Monday, September 05, 2022
Thursday September 8 to Thursday September 15
The Full Moon is Saturday, September 10. Three bright classical planets in a line in the morning sky, Saturn, Jupiter, and Mars. Mars is below the red star Aldebaran and the Hyades cluster. Jupiter is now readily visible in the late evening sky below Saturn. The Moon is close to Saturn on the 8th and then is close to Jupiter on the 11th. Mercury is sinking in the evening twilight this week.
The Full Moon is Sunday, September 10.
Similar views will be seen from the rest of Australia at the equivalent local time (90 minutes before sunrise. click to embiggen).
Saturn forms a shallow triangle with delta and gamma Capricornii.
The waxing Moon is close to Jupiter .
The insets are the telescopic views of Saturn and Jupiter at the same magnification at this time.
Similar views will be seen from the rest of Australia at the equivalent local time.
Similar views will be seen from the rest of Australia at the equivalent local time (60 minutes after sunset).
Scorpius is prominent above the northern horizon with the teapot of Sagittarius below. From the Sting of the Scorpion through the teapot there is a wealth of binocular objects to discover.
Between the bright star
Canopus and the Southern Cross are another wealth of binocular objects to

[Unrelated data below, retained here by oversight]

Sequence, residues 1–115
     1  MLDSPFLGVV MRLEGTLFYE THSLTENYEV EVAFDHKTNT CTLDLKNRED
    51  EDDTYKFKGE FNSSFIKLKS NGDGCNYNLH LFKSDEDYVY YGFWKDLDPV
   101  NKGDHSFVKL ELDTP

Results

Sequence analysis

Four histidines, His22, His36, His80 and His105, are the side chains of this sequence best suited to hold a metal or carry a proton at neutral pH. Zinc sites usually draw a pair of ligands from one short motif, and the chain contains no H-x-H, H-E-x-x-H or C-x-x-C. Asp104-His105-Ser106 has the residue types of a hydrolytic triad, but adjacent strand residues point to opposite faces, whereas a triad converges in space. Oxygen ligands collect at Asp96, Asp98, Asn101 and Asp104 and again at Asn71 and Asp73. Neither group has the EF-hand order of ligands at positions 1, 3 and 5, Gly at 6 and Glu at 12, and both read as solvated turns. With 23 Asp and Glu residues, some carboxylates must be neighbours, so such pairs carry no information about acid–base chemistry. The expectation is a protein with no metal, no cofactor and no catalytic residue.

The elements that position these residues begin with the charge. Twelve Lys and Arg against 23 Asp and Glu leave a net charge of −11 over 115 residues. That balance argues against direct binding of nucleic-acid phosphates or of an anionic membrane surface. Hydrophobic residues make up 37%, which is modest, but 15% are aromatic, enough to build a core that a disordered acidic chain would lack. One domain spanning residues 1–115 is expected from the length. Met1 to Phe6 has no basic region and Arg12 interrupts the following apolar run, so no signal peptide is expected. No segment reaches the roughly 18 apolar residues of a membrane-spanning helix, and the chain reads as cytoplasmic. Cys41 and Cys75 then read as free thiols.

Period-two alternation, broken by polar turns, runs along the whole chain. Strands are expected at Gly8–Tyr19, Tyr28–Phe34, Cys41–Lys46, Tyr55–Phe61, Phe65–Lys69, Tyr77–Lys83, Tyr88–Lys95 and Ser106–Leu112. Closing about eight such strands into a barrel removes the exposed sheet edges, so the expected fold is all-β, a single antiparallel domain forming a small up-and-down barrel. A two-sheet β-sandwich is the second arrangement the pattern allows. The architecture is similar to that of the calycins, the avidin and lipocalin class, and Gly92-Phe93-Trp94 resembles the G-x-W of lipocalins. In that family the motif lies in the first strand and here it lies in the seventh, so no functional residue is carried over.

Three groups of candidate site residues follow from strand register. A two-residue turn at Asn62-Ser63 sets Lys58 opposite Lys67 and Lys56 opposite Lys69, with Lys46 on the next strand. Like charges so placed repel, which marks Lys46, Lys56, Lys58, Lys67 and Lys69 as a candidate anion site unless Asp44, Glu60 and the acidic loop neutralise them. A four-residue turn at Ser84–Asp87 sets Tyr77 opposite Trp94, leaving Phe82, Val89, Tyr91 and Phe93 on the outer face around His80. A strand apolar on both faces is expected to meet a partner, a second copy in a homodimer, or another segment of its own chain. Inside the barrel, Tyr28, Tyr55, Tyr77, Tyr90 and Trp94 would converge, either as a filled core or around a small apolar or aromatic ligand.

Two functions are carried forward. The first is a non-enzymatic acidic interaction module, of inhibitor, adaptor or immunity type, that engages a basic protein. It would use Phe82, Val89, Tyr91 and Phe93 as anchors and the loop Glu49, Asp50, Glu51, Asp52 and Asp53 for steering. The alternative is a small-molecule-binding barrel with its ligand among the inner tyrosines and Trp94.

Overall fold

discover. However the Full Moon will make these harder to see.
Elsewhere in Australia will see a similar view at the equivalent time (90 minutes after sunset).
Mercury is visible above the western horizon in the twilight below the bright star Spica.
Venus is lost in the twilight.
Mars is below the Hyades and the red star Aldebaran.
Jupiter climbs higher in the late evening sky. Jupiter is near the Full Moon on the 11th.
Saturn forms a shallow triangle with delta and gamma Capricornii. Saturn was at opposition, when it was biggest and brightest as seen from Earth, on the 15th of August. The Moon is close to Saturn on the 8th.
Star Map via Virtual sky. Use your mouse to scroll around and press 8 when your pointer is in the map to set to the current time.
Cloud cover predictions can be found at SkippySky.
Here is the near-real time satellite view of the clouds (day and night) http://satview.bom.gov.au/
Labels: weekly sky